Comic Book Artists and Rights to Their Work

A recent interview with Stan Lee with Playboy (NSFW link) brings up the discussion of how rights have been negotiated between comics artists and major publishers such as DC and Marvel.  Michael Dean at the Comics Journal reported on how comics’ art, upon return by publishers, was treated as “gifts”–the artists’ own works returned not as their creations only.

When Marvel decided in 1984 to offer the return of its backstock of original art to creators, its offer to Kirby was able to account for only 88 pages of Kirby art out of a total of more than 8,000 pages that the artist had done for Marvel between 1960 and 1970 — approximately one percent.

 

As Marvel had returned new original art from 1976 on, artists had been required to sign brief release statements, about four lines long, and the 1984 offer to return the stored original art was also accompanied by the requirement that a one-page release form be signed. The form described the art return as “a gift” from Marvel to the creators. By signing the form, the creators agreed that the art had been work for hire and that Marvel was “the exclusive worldwide owner of all copyright” related to the art. Creators were required to grant Marvel the right to use the artists’ name and likeness in promotions.

 

The form’s language was reminiscent of the contracts that had been instituted in 1979, and some creators objected to both the wording and the coercive tactic of tying it to the return of original art. Neal Adams told the Journal at the time, “Anybody who signs that form is crazy…. You dangle a carrot in front of the artists’ faces, saying, ‘If you want your art sign this form.’ It’s not true; you don’t have to sign it.”

 

Most artists signed the form and received their art, and even Kirby said he would’ve been willing to sign it, but that was not the option that Marvel offered him. If some artists had found the one-page release objectionable, Kirby was outraged to find that he and he alone had been sent a four-page document that multiplied the obligations of the creator and the rights claimed by the publisher. Even the nature of the “gift” was qualified in the form sent to Kirby. Where the one-page form offered creators “the original physical artwork,” Kirby’s form offered “physical custody of the specific portion of the original artwork.”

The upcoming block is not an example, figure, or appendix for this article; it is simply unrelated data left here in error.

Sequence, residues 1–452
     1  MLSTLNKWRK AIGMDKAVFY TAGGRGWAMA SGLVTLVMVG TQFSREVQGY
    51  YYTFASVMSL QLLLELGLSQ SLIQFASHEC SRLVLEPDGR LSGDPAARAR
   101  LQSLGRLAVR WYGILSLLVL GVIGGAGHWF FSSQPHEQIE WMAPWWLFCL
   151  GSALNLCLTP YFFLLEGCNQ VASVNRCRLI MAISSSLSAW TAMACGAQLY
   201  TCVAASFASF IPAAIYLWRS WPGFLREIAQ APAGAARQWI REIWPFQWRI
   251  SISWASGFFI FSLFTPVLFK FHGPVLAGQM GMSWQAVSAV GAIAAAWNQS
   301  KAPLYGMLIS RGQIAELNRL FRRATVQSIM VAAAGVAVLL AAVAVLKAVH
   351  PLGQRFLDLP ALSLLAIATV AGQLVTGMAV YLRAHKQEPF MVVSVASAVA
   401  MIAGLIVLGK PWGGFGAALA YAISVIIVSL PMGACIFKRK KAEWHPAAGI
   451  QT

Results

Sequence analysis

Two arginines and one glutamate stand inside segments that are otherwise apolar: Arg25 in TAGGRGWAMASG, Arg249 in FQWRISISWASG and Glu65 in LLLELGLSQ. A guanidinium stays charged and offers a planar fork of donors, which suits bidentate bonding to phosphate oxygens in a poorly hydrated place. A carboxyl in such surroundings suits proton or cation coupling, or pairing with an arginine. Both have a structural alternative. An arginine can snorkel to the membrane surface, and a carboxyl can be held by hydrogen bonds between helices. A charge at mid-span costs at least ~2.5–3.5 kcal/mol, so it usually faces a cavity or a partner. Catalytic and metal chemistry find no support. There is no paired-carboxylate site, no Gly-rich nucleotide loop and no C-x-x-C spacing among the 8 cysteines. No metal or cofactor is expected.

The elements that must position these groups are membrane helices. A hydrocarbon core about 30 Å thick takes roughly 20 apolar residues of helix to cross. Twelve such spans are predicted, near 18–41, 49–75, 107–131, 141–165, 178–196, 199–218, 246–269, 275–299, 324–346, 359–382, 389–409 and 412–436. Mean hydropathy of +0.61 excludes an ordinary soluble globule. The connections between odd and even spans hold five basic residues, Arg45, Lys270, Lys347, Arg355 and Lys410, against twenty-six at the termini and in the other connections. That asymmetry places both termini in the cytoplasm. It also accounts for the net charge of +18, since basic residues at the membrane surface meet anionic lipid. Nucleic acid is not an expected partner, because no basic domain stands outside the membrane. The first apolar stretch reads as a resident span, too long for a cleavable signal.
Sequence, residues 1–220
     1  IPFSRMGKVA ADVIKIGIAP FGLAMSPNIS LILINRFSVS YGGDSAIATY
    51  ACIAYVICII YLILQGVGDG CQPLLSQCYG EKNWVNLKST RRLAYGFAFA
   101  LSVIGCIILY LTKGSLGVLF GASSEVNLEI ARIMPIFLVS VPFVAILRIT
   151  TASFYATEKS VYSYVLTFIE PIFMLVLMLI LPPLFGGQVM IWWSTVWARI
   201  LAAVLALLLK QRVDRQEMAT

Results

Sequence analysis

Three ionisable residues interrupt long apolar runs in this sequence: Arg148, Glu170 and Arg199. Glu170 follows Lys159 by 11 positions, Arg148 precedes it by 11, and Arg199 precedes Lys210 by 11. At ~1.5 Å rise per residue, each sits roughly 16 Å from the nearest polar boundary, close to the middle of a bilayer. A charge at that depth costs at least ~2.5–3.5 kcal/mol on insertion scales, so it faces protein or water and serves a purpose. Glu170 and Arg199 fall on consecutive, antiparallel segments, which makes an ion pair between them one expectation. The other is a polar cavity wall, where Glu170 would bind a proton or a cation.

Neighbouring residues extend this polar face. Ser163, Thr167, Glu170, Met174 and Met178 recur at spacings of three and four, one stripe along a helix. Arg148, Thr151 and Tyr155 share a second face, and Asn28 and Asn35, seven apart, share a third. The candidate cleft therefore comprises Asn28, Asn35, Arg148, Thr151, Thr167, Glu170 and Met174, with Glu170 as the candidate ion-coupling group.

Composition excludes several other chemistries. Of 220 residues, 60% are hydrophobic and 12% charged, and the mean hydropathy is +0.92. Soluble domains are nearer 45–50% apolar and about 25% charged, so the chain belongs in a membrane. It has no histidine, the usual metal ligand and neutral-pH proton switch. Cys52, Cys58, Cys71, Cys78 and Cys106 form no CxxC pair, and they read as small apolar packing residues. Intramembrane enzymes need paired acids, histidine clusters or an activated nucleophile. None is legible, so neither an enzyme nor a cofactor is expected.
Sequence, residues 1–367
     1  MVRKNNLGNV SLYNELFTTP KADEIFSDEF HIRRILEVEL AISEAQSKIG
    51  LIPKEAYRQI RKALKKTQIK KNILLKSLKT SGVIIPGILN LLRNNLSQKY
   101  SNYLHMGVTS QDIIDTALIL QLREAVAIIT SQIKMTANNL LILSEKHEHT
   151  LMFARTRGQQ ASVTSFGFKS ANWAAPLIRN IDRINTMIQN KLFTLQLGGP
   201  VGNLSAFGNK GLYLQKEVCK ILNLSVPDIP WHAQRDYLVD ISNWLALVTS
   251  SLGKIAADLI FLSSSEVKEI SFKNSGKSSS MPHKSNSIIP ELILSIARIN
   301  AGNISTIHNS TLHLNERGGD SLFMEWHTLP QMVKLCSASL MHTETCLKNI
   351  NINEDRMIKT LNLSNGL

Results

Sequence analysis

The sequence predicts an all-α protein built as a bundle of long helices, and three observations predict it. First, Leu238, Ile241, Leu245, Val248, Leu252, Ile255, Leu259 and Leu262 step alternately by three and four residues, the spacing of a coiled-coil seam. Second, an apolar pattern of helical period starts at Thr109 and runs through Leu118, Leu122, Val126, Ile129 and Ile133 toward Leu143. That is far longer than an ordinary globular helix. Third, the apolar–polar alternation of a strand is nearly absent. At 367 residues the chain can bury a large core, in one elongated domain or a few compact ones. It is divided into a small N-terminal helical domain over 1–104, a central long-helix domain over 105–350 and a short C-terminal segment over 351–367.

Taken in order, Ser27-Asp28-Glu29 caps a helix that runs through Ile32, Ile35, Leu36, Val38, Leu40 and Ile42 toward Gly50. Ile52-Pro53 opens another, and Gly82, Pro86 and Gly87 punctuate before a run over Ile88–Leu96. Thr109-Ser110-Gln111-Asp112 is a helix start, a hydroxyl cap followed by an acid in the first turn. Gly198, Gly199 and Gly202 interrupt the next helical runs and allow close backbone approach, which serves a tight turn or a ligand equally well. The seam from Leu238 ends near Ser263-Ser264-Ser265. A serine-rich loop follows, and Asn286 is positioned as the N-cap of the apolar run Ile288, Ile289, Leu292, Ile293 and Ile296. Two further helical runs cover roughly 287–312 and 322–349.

Always careful not to acknowledge that the artists had any right to the art, the one-page forms made clear at least that the artists would be the owners of the art once the “gift” had been accepted. The gift to Kirby, however, was nothing more than the right to store the art on behalf of Marvel. Though it would be in his possession, there was nothing that Kirby would be allowed to do with it: “The Artist agrees that it will make no copies or reproductions of the Artwork, or any portion thereof, in any manner, that it will prepare no other artwork or material based upon, derived from or utilizing the Artwork, that it will not publicly exhibit or display any portion of the Artwork without Marvel’s advance written permission, and that it will not commercially exploit or attempt to exploit the Artwork or any material based upon, derived from or utilizing the Artwork in any manner or media, and that it will not permit, license or assist anyone else in doing any of the foregoing.”

 

While Kirby was forbidden from so much as displaying the art in public, Marvel was to have ready access to it for whatever purpose it deemed desirable: “Upon Marvel’s request, with reasonable advance notice, the Artist will grant access to Marvel or to Marvel’s designated representatives to make copies of the portion of the Artwork in the custody of the Artist, if Marvel so needs or desires such copies in connection with its business or the business of its licensees.” The artwork was also subject to “revision” and “modification” at Marvel’s discretion.

(Links H/T Comics Alliance)

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